Replacements: 16 James Tracy, 17 Jack McGrath, 18 Andrew Porter, 19 Scott Fardy, 20 Seán O’Brien, 21 Nick McCarthy, 22 Ross Byrne, 23 Joe Tomane.
Wasps: 15 Willie le Roux, 14 Josh Bassett, 13 Juan de Jongh, 12 Michael Le Bourgeois, 11 Elliot Daly (captain), 10 Lima Sopoaga, 9 Joe Simpson, 8 Nizaam Carr, 7 Thomas Young, 6 Brad Shields, 5 James Gaskell, 4 Will Rowlands, 3 Kieran Brookes, 2 Tommy Taylor, 1 Zurabi Zhvania.
Replacements: 16 Tom Cruse, 17 Ben Harris, 18 Will Stuart, 19 Kearnan Myall, 20 Ashley Johnson, 21 Craig Hampson, 22 Billy Searle, 23 Rob Miller.
Referee: Romain Poite (France)
Assistant referees: Cyril Lafon (France), Stéphane Boyer (France)
TMO: Denis Grenouillet (France
Saturday, October 13
Bath (England) v Toulouse (France)
(Recreation Ground, Bath – Kick-off: 13.00; 14.00 French time; 12.00 GMT)
Bath and Toulouse have met six times in the tournament with the home side on the day winning just one of those fixtures and the visitors securing four victories.
In their last four campaigns, Bath has averaged 19 points per match in 12 home fixtures, winning seven and losing five.
Toulouse is without a win in their last five games against Gallagher Premiership opposition in the competition, although their last such victory was against Bath in 2014/15.
Seven of Bath’s last eight home games against TOP 14 opposition have been decided by five points or fewer – a 32-12 win over Montpellier the only exception.
Toulouse has lost their opening game in each of their last two Champions Cup campaigns, this after winning their first match in the previous eight seasons.
Bath averaged more tackles per match (173) than any other club in the competition last season.
Toulouse had the best line-out success rate (92 percent) in the Challenge Cup last season.
Bath’s Tom Dunn made 119 tackles in the pool stage last season – 31 more than any other player.
Bath will be missing Wales No.8 Taulupe Faletau, who broke an arm in last week’s Gallagher Premiership defeat by Exeter Chiefs.
Winger Semesa Rokoduguni has just signed a new long-term contract with Bath.
Bath: 15 Freddie Burns, 14 Semesa Rokoduguni, 13 Jackson Willison, 12 Jamie Roberts, 11 Darren Atkins, 10 Rhys Priestland (captain), 9 Chris Cook, 8 Zach Mercer, 7 Francois Louw, 6 Tom Ellis, 5 Luke Charteris, 4 Dave Attwood, 3 Henry Thomas, 2 Tom Dunn, 1 Nathan Catt.
Replacements: 16 Jack Walker, 17 Jacques van Rooyen, 18 Anthony Perenise, 19 Elliott Stooke, 20 Sam Underhill, 21 Max Green, 22 Max Wright, 23 Tom Homer.
Toulouse: 15 Thomas Ramos, 14 Cheslin Kolbe, 13 Sofiane Guitoune, 12 Maxime Mermoz, 11 Maxime Médard, 10 Zack Holmes, 9 Sébastien Bézy, 8 Jerome Kaino, 7 Rynhardt Elstadt, 6 Francois Cros (captain), 5 Joe Tekori, 4 Florian Verhaeghe, 3 Charlie Faumuina, 2 Leonardo Ghiraldini, 1 Lucas Pointud.
Replacements: 16 Julien Marchand, 17 Clément Castets, 18 Maks Van Dyk, 19 Pierre Gayraud, 20 Selevasio Tolofua, 21 Louis Madaule, 22 Antoine Dupont, 23 Romain Ntamack.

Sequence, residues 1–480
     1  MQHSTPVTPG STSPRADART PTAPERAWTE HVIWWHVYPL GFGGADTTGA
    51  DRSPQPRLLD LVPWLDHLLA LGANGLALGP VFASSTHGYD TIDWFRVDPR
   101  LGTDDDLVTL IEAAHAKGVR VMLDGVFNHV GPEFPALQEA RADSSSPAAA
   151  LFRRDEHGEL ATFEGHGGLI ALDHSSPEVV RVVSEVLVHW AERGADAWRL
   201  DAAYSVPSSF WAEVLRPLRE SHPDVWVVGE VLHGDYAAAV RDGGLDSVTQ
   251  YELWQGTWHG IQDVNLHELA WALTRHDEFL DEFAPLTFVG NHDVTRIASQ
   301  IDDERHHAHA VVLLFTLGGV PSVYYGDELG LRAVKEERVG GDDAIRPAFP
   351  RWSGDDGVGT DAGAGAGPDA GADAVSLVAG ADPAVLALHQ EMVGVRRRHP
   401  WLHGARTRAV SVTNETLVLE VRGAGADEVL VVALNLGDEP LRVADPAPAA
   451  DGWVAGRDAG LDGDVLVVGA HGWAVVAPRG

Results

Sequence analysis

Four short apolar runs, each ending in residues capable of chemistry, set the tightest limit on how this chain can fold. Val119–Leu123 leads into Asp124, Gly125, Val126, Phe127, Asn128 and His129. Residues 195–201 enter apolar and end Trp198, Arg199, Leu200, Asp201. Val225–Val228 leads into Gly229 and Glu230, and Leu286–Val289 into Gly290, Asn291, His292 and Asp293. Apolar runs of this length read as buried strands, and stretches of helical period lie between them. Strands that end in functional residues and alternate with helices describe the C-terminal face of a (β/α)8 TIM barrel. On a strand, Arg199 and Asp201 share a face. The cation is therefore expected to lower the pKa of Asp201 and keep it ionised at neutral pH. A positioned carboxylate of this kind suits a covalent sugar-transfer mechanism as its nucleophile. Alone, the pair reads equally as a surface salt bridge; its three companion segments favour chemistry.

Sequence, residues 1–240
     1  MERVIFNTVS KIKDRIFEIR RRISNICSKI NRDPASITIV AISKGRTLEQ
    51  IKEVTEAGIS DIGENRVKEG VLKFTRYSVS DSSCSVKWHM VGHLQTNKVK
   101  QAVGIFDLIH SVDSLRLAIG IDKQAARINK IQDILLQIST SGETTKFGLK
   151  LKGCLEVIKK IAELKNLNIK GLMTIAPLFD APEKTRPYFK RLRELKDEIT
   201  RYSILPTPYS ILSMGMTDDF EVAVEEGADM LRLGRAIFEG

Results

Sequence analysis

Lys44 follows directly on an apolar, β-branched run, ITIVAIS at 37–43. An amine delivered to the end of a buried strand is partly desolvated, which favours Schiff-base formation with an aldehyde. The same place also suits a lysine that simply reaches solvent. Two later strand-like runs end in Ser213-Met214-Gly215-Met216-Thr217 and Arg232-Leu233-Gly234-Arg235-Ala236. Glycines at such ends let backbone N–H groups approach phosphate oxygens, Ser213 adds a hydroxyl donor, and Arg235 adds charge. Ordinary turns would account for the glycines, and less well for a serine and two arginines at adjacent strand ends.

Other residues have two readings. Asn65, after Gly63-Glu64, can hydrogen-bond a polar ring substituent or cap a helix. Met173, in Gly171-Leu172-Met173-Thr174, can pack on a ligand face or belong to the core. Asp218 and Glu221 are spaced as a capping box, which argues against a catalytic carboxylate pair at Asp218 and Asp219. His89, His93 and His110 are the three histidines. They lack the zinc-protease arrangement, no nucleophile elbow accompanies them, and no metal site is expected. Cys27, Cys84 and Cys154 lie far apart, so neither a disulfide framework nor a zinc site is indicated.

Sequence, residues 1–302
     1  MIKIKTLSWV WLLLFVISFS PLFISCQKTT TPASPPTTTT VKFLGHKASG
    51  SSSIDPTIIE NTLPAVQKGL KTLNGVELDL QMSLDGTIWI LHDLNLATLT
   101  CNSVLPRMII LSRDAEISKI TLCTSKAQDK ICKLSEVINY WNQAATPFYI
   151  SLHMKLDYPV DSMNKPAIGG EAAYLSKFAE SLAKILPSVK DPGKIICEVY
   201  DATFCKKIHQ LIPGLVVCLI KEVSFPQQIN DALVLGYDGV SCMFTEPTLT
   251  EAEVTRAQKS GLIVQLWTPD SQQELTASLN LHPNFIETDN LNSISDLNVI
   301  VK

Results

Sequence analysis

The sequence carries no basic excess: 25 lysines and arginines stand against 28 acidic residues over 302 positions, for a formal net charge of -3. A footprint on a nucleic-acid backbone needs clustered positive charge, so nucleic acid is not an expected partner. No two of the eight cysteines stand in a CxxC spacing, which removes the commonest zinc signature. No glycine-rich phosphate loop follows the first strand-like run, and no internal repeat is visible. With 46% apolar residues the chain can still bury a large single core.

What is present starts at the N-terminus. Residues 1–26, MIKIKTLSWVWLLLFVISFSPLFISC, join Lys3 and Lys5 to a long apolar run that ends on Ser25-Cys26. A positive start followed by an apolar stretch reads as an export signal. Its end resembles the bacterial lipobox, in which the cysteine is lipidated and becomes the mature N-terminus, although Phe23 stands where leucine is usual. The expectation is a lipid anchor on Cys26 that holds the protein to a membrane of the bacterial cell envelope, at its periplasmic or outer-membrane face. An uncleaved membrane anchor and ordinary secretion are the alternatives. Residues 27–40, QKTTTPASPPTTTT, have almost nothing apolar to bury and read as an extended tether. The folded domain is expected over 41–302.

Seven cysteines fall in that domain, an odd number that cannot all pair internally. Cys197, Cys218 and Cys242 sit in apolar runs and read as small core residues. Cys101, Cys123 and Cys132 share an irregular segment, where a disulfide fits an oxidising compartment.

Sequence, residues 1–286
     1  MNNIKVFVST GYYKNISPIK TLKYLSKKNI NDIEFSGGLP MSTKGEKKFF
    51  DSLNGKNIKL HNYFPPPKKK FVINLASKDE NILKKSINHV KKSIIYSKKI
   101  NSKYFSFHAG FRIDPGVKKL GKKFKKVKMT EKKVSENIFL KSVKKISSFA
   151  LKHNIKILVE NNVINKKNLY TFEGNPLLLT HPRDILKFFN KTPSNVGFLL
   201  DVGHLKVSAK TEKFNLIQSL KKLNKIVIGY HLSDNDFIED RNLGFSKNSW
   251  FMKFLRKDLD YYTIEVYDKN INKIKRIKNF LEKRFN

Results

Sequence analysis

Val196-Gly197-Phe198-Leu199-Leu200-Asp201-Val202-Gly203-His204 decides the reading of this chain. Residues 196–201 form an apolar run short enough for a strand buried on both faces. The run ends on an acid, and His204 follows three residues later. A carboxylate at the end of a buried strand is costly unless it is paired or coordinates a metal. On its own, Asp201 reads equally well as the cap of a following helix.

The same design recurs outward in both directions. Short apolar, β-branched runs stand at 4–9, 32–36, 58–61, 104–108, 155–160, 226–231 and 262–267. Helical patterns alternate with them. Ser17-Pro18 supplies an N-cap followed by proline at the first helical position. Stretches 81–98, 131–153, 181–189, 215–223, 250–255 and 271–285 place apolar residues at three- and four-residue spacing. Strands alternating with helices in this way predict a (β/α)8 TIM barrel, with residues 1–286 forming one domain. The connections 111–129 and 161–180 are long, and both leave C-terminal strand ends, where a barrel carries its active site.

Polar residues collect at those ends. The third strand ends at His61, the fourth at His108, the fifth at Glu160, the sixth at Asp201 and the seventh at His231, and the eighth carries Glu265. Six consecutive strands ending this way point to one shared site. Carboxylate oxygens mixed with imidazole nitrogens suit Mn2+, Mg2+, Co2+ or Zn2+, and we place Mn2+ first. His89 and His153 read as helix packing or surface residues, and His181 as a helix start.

Referee: Andrew Brace
Assistant referees: John Lacey, Eddie Hogan O’Connell
TMO: Simon McDowell
Exeter (England) v Munster (Ireland)
(Sandy Park, Exeter – Kick-off: 15.15; 14.15 GMT)
Munster Rugby are the only Irish club Exeter have yet to face in Europe having played Leinster and Ulster in the top flight, as well as Connacht in the Challenge Cup.
Munster are unbeaten in their opening game in each of their last four campaigns, with two of those four matches in that run coming away from home.
Two-time champions Munster have lost just one of their last nine pool stage matches in the competition, that defeat coming in Round 5 last season against eventual runners-up Racing 92.
Munster’s CJ Stander was the only player to make over 100 tackles (119) and 100 carries (126) last season.
Former Scarlets player Tadhg Beirne won 18 turnovers last season, seven more than any other player.
Exeter: 15 Phil Dollman, 14 Jack Nowell, 13 Henry Slade, 12 Ian Whitten, 11 Santiago Cordero, 10 Gareth Steenson (captain), 9 Stuart Townsend, 8 Matt Kvesic, 7 Don Armand, 6 Dave Ewers, 5 Sam Skinner, 4 Dave Dennis, 3 Harry Williams, 2 Luke Cowan-Dickie, 1 Ben Moon.
Replacements: 16 Jack Yeandle, 17 Alec Hepburn, 18 Tomas Francis, 19 Ollie Atkins, 20 Tom Lawday, 21 Jack Maunder, 22 Joe Simmonds, 23 Sam Hill.
Munster: 15 Mike Haley, 14 Andrew Conway, 13 Dan Goggin, 12 Rory Scannell, 11 Keith Earls, 10 Joey Carbery, 9 Duncan Williams, 8 CJ Stander, 7 Chris Cloete, 6 Peter O’Mahony (captain), 5 Tadhg Beirne, 4 Jean Kleyn, 3 Stephen Archer, 2 Niall Scannell, 1 Dave Kilcoyne.
Replacements: 16 Rhys Marshall, 17 James Cronin, 18 John Ryan, 19 Billy Holland, 20 Tommy O’Donnell, 21 Neil Cronin, 22 JJ Hanrahan, 23 Sammy Arnold.
Referee: Jérome Garcès
Assistant referees: Ludovic Cayre, Jonathan Dufort
TMO: Eric Briquet-Campin
Montpellier (France) v Edinburgh (Scotland)
(GGL Stadium, Montpellier – Kick-off: 16.15; 15.15 UK time; 14.15 GMT)
Montpellier have won just one of their six opening games in the tournament, however, this will be the first time they’ve begun their campaign at home since their debut when they drew 16-16 with Leinster in 2011/12.
Edinburgh is participating in the Champions Cup for the first time since 2013/14 when they won three of their six pool stage games, including a victory in Round 1 against Munster.
Montpellier was the only side to maintain a 100 percent scrum success rate last season winning 40/40 on their own put-in.
Montpellier’s Nemani Nadolo made the most metres (553) and clean breaks (16) and beat the most defenders (38) of any player in the 2017/18 edition of this competition.
The TOP14 side faced Scottish opposition in the pool stage of last season’s competition, beating Glasgow Warriors both home and away.
Montpellier: 15 Henry Immelman, 14 Benjamin Fall, 13 Vincent Martin, 12 Jan Serfontein, 11 Gabriel Ngandebe, 10 Ruan Pienaar, 9 Enzo Sanga, 8 Louis Picamoles (captain), 7 Wiaan Liebenberg, 6 Fulgence Ouedraogo, 5 Paul Willemse, 4 Nico Janse van Rensburg, 3 Jannie du Plessis, 2 Bismarck du Plessis, 1 Mikheil Nariashvili.
Replacements: 16 Vincent Giudicelli, 17 Grégory Fichten, 18 Antoine Guillamon, 19 Kevin Kornath, 20 Kelian Galletier, 21 Julien Tomas, 22 Yvan Reilhac, 23 Alexandre Dumoulin.